The payment includes $300 million in reimbursements for money Devon already spent on acreage and drilling acquisition. In addition, Sinopec will pay $1.6 billion to Devon in the form of a "drilling carry" - for work in the five fields - expected to be realized by the end of 2014. For Devon, the agreement helps cover operating expenses at a time when natural gas prices are low. Sinopec is making its first foray into the U.S. oil patch through the deal with Devon, one of the first companies to successfully tap shale fields.

The Sinopec deal and earlier buy-ins by China's CNOOC give Chinese state oil giants an avenue to learn and adapt U.S. fracking technology to shale plays in China. The U.S. Energy Information Administration estimates China's technically recoverable shale-gas reserves at nearly 1.28 quadrillion cubic feet, by far the most in the world and more than the agency's combined estimates for the volumes in the U.S. and Canada, which amount to 1.25 quadrillion cubic feet.

Russia, Japan complete feasibility study
of Vladivostok LNG project

(Platts; Jan. 4) - The joint feasibility study on Japan and Russia's planned LNG project near the Russian far eastern city of Vladivostok has been completed, a source close to the matter told Platts Jan. 4. The two countries will now verify the results of the feasibility study and decide whether to progress further at their next senior-level bilateral meeting in Japan, which could be held this month, the source said.

The two countries carried out the feasibility study, which included the pre-front end engineering and design phase, following an agreement signed in January 2011. Russia's gas monopoly Gazprom and Japan's Ministry of Economy, Trade and Industry co-chair the senior-level bilateral committee. The study looked at an LNG export plant capable of handling an average 1.3 billion cubic feet of gas per day.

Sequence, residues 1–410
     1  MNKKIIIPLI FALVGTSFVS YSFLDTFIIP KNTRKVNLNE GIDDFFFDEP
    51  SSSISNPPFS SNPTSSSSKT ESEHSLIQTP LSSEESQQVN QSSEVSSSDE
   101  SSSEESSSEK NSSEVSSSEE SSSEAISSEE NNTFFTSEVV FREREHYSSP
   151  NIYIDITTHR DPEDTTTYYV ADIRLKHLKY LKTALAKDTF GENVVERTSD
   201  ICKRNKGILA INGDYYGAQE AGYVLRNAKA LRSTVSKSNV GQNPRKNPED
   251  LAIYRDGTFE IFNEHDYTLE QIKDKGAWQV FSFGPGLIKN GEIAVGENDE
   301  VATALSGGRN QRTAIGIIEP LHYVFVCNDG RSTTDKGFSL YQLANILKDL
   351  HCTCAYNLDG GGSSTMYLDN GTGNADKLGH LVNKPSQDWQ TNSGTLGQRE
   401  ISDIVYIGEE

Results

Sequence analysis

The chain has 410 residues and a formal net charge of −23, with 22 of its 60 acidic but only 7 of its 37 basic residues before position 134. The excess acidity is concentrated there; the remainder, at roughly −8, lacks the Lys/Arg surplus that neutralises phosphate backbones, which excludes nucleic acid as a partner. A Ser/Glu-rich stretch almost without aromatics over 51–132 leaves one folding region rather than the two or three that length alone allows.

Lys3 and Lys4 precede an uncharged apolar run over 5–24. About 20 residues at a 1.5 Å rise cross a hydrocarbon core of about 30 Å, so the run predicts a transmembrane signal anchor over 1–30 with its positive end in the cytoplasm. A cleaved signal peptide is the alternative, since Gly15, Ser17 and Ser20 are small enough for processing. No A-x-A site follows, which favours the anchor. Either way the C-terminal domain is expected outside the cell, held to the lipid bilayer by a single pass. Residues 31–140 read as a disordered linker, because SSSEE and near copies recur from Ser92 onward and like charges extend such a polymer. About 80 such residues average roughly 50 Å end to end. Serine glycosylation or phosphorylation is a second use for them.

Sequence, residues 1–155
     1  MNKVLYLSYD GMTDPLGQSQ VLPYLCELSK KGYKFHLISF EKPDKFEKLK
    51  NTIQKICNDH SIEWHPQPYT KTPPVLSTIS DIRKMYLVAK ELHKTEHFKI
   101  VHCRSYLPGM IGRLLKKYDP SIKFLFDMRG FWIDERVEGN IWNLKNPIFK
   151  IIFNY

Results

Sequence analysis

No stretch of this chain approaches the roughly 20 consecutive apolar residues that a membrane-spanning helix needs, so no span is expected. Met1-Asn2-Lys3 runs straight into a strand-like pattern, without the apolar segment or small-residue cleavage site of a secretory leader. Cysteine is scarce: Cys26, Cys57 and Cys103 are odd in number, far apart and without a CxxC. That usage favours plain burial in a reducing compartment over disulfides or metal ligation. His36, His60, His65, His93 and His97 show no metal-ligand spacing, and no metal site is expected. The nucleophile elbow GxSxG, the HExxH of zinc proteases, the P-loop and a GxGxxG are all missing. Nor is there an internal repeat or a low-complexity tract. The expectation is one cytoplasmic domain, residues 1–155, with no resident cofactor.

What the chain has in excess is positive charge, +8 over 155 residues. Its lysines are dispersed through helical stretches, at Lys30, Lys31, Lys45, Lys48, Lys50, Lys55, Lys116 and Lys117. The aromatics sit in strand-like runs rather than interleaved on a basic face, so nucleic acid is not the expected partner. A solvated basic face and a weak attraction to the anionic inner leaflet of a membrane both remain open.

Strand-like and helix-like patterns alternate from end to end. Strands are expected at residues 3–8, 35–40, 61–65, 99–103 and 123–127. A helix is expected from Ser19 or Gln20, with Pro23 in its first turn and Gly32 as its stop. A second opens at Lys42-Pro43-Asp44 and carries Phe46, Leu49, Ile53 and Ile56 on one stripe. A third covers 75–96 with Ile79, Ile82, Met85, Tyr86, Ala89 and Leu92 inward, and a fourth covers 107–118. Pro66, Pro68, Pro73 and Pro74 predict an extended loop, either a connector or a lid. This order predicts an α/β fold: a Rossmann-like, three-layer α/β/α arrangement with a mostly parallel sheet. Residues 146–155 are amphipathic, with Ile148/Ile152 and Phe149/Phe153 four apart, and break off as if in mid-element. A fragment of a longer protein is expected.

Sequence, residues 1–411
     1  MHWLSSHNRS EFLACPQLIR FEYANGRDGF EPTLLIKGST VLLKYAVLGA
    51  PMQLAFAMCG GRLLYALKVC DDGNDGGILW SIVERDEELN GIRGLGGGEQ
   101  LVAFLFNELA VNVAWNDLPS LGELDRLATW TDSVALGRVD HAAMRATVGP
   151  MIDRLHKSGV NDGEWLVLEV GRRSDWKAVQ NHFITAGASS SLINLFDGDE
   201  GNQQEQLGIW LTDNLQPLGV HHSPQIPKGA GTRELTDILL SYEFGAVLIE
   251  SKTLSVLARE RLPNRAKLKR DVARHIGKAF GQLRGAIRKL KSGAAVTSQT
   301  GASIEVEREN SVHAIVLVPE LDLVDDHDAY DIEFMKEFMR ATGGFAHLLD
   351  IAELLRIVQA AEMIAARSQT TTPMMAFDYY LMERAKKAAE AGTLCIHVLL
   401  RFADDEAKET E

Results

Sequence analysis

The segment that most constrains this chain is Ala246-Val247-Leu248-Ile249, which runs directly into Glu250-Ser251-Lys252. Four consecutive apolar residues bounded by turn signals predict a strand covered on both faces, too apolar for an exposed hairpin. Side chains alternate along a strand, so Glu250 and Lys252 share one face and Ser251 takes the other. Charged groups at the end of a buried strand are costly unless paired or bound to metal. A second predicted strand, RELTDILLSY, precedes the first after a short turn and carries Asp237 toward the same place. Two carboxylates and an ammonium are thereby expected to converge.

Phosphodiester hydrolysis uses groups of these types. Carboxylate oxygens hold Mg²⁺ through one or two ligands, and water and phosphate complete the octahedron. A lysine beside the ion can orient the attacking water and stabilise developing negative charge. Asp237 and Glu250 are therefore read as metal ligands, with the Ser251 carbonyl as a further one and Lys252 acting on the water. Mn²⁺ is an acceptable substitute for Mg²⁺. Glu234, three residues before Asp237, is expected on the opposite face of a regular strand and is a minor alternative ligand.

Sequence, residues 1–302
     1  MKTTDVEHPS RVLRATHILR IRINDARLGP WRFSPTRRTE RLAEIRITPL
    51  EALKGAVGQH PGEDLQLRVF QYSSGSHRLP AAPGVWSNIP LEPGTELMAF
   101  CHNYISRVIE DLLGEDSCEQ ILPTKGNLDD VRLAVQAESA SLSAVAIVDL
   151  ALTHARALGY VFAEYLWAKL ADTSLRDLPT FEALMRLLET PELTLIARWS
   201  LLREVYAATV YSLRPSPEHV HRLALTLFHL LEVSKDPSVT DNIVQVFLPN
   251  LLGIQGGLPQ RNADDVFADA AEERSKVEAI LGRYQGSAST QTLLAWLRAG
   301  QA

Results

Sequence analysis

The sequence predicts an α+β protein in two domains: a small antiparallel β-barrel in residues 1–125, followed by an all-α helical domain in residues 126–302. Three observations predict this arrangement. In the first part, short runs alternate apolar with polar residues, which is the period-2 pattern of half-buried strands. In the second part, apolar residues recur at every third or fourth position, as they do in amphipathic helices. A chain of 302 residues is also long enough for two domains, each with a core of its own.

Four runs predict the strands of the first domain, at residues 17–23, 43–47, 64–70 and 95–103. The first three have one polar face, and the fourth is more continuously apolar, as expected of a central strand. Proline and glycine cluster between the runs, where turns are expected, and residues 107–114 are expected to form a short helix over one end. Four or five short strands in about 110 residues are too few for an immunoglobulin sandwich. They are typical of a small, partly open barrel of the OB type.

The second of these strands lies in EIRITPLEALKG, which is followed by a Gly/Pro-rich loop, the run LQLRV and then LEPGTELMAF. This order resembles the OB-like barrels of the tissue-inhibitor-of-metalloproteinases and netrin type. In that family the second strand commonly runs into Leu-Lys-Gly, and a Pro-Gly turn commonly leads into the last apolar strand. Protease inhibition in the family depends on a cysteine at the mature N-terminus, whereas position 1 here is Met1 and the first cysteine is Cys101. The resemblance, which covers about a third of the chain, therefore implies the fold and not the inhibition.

If they decide to go ahead, Russia is expected to make a landmark decision on the project before the Asia-Pacific Economic Cooperation summit in Vladivostok in September, according to sources. The joint study was completed by Japan Far East Gas Co., a joint venture between Japan Petroleum Exploration Co., Itochu, Marubeni and Inpex, and by Itochu Oil Exploration Co., and has been sent to Gazprom. Moscow and Tokyo have not said where the gas for the Vladivostok projects would be sourced from.

Russia OKs Norway LNG tanker to travel
Northeast Passage to Japan

(Barents Observer; Jan. 5) - Norwegian gas from the Snøhvit gas field outside Hammerfest can for the first time be shipped through the Northeast Passage this summer. The Norwegian company Knutsen OAS Shipping has received permission from Russian authorities to transport LNG from Snøhvit to Japan along the Northern Sea Route, says Synnøve Seglem in the shipping company to Skipsrevyen.

The 3,500-mile journey from Murmansk to the Strait of Bering is planned to take around two weeks. Transportation along the Northern Sea Route is normally possible in the months June to October, and the Norwegian LNG tanker can make a maximum of three trips in one season. The entire journey from Hammerfest to Japan will take about one month, about half of the time it takes to take the route through the Suez Canal.

Traffic along the Northern Sea Route has increased considerably in course of the past two years, and the route is expected to become even more important in the future.

U.K. rises to third largest LNG buyer in the world